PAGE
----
What then? Is it worth all the care needed to get it right, the worry, the often thankless task of shepherding?  Jesus had to say to Peter three times “Do you love Me? Then tend/feed My lambs and sheep”65. It is this love of Jesus and His call that must be our primary motivation; the secondary motivation must be love for the people. And for what reward? Peter learned it well:

Shepherd the flock of God among you, exercising oversight not under compulsion, but voluntarily, according to the will of God; and not for sordid gain, but with eagerness; nor yet as lords over those allotted to your charge, but proving to be examples to the flock. And when the Chief Shepherd appears, you will receive the unfading crown of glory66

We have seen from the first study on ‘deacons’ that the Biblical name for those in full-time ministry is ‘diakonos’, which is best translated as ‘minister’ or ‘Christian worker’  If we really care what the Bible teaches, this means that those we at present call ‘pastor’, ‘vicar’, ‘clergyman’ or “priest” should be renamed in this way and re-examined in this light. We haven’t actually looked at the term “vicar” since it doesn’t occur anywhere in the Scriptures, but it is used by the Church of England to describe those whom others would call “pastor” i.e. the minister in charge of a church or congregation. “Clergyman” similarly is not found in the Scriptures, but is used today to describe “a minister ordained for religious duties, especially within the Established Church”. Since it is only another word for “minister” but with the added disadvantage of being confined to only a part of the church of God, it is to my mind unuseful for our purpose. “Priest” we have ignored too, since the Bible uses the word to describe every believer,67 and at this stage we are only concerned to examine leadership structures.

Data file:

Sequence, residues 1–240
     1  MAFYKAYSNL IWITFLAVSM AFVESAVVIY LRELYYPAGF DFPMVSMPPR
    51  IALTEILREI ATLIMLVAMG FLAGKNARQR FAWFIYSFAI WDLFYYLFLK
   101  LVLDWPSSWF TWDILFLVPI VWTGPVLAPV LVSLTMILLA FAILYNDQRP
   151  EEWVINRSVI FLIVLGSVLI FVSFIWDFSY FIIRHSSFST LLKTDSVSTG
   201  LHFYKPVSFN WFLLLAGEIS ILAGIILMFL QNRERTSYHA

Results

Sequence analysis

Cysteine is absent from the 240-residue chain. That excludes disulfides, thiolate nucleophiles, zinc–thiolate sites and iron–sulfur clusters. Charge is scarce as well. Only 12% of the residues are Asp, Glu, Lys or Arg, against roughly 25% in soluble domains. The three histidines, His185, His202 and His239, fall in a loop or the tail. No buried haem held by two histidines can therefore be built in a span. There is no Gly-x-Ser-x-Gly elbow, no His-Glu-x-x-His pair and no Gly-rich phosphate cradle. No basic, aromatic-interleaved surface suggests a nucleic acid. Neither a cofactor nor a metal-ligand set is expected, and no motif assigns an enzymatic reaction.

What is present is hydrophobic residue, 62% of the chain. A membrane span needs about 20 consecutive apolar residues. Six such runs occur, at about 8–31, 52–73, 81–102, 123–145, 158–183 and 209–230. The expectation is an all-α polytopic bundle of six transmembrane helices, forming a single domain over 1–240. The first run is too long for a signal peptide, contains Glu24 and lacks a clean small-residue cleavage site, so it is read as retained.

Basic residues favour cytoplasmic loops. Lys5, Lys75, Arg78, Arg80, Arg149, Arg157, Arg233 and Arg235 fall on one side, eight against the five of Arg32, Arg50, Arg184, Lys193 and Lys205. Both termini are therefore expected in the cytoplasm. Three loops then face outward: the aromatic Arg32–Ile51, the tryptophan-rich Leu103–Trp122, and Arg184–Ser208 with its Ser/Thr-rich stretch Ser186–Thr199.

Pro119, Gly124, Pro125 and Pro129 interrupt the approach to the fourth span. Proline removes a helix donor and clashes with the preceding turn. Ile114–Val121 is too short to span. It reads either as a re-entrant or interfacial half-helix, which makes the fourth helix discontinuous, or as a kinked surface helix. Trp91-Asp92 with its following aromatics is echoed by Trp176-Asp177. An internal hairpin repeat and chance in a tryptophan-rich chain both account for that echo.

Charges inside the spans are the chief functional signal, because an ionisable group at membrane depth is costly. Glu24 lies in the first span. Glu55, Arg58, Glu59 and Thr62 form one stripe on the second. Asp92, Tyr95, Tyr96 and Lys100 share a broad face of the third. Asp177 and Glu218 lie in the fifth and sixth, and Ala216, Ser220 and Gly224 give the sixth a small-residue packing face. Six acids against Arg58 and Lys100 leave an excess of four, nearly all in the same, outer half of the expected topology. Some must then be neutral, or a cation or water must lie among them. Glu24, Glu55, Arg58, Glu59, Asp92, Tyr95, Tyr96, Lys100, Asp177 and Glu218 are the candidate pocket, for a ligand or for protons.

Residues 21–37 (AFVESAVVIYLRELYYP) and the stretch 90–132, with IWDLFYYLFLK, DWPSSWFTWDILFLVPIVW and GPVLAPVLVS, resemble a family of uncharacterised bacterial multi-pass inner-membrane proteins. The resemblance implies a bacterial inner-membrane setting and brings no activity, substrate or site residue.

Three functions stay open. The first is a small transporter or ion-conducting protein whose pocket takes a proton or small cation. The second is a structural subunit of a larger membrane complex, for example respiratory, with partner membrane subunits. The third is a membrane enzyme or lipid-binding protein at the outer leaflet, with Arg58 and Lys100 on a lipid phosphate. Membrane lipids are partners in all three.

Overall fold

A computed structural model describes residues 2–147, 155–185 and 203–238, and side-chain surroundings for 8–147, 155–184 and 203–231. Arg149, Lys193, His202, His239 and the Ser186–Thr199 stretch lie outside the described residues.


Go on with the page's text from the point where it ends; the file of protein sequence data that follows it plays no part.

The second study on ‘pastors’ established that there is no such position as ‘the one person in charge of the church’ whether they are in ‘full-time ministry’ or not. Rather, that the elders are to be the overseers and are to shepherd the flock of God, always in conjunction with others.

This third study has searched out what “elders” were in Biblical days (which incidentally was a period exceeding some two thousand years) and urges a return to that standard in the churches of today. It is clear that: